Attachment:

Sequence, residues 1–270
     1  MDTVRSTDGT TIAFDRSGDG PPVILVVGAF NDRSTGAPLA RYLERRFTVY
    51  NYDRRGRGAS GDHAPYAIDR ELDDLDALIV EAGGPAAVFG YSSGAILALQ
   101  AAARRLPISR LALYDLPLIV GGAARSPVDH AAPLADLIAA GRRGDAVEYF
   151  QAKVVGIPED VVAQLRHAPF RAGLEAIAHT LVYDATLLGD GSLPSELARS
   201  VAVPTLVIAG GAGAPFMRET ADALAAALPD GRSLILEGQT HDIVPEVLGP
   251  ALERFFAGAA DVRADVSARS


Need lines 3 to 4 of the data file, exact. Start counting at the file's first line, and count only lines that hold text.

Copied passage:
    51  NYDRRGRGAS GDHAPYAIDR ELDDLDALIV EAGGPAAVFG YSSGAILALQ
   101  AAARRLPISR LALYDLPLIV GGAARSPVDH AAPLADLIAA GRRGDAVEYF